Comments by Jenny Asarnow

Comment for "Getting Raised 2"

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Review of Getting Raised 2

I had the same reaction to this story as to the other piece about "getting raised" from Hopi High: It's a good first draft, but it's not finished.

The reader is too far from the mike, and I can hear his jacket and papers rustling. Particularly in a first-person, intimate reflection such as this, those technical problems are a big distraction.

Felix, your voice is heartfelt and I'm interested in your experiences. I think you need to work on your writing and delivery. The story drifts, and your voice rambles. With a careful re-write and a new recording, this could be greatly improved.

Comment for "Getting Raised"

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Review of Getting Raised

This is a good first draft, but it doesn?t sound like a finished piece. The most obvious reason is the production quality. The speaker is waaaay off mike, and so he sounds fuzzy and far away. He also sounds like he is reading off of a piece of paper. I want to feel like he is talking just to me.

As for the content, the writing is honest and heartfelt, but I heard a lot of redundancies. I think a good edit could make this work well. The piece could be about half as long as it is. While the emotions are there, I think the story needs a scene, and more specific, vivid descriptions.

This student is on the right path. He just needs to do some re-writing and practice his voicing and recording technique.

Comment for "What We Wish We Could Tell Our Parents"

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Review of What We Wish We Could Tell Our Parents

This is a great, short vox pop. We've aired it twice, in a program about secrets, and a program about teens and their families.

Short vignettes like this are so useful to me when I am putting together a longer program. It makes my life easier to have my choice of 90 second drop-ins. I hope Curie and other groups will make more like this.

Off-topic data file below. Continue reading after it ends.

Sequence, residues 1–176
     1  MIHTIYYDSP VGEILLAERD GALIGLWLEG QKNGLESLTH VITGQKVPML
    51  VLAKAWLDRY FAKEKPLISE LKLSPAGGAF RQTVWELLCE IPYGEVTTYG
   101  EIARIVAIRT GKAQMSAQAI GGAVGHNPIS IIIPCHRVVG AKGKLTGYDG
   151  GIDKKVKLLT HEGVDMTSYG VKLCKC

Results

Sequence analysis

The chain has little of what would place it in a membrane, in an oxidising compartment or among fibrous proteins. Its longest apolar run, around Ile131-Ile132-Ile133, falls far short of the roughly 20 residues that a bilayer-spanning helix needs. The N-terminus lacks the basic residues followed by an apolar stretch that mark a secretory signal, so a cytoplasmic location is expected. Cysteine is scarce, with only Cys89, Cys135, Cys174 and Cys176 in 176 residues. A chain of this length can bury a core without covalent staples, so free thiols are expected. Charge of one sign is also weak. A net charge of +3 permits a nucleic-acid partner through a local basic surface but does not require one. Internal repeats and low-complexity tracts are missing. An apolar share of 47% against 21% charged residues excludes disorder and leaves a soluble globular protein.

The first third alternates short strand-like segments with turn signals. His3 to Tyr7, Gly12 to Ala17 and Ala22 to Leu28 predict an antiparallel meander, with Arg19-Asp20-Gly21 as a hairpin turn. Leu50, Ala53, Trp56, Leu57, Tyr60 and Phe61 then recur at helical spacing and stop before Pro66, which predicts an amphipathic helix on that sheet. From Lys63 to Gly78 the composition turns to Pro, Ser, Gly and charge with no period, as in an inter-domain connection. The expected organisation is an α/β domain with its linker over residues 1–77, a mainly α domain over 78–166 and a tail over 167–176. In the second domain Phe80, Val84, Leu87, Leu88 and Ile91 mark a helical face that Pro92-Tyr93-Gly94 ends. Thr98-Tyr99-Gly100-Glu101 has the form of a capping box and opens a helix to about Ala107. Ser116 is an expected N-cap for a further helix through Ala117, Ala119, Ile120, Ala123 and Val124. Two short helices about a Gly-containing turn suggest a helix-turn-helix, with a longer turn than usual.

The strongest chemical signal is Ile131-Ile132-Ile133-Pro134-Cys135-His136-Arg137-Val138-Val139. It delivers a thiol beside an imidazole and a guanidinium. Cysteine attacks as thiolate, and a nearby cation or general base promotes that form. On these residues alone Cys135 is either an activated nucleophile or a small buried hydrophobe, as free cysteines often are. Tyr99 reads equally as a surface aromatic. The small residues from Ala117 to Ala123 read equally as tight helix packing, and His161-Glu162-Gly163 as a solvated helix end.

One thing that would make this even stronger is if Curie provided a host intro and outro. Who are these people? Where is Curie high school? What is Curie Youth Radio? If you gave us a 3 sentence intro that would save us some time.

Comment for ""The Thing About Being A Teenage Mother...Is That I'm Young""

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Review of "The Thing About Being A Teenage Mother...Is That I'm Young"

I agree with much of what's been said in previous reviews: This is a story that does two things: It humanizes young mothers, because the voices of the two girls are rich and they sound like they're talking to their friends. Second, it makes the mothers anonymous members of a group, by weaving their voices together without narration.

I think Curie would do stations a BIG favor by providing a host intro and outro to give some information about (and thereby personalize) the two mothers. What are their names? (Or if they wish to be anonymous, explain why). Where do they live? What are their kids names? How old were they when the story was made? What are they doing now? How old are their kids? What are their kids' names?

When we aired this story I was able to find out some of the answers: The mother with the supportive family is named Alca Usan; the other wished to be anonymous at the time the story was made because she was applying to college. Alca's daughter is named Mia Sol. Alca is 19 now (as of Jan 2007), her daughter is 2 1/2. Alca had her daughter the day after school got out in her sophomore year. She's in college now, lives with her grandmother, mother and siblings. Her boyfriend lives downstairs. She wants more kids.

Comment for "Raising Grandchildren"

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Review of Grandmother

The strength of this story (like many other youth radio pieces) is the voice of the narrator. Monique is straightforward and feisty. Even when she?s rattling off statistics she sounds down to earth.

Like the other Youth Voices stories I?ve listened to ?Grandmother? starts off with a personal story (about the reporter?s family) then uses that to illustrate a larger issue, in this case, teenagers living with grandparents.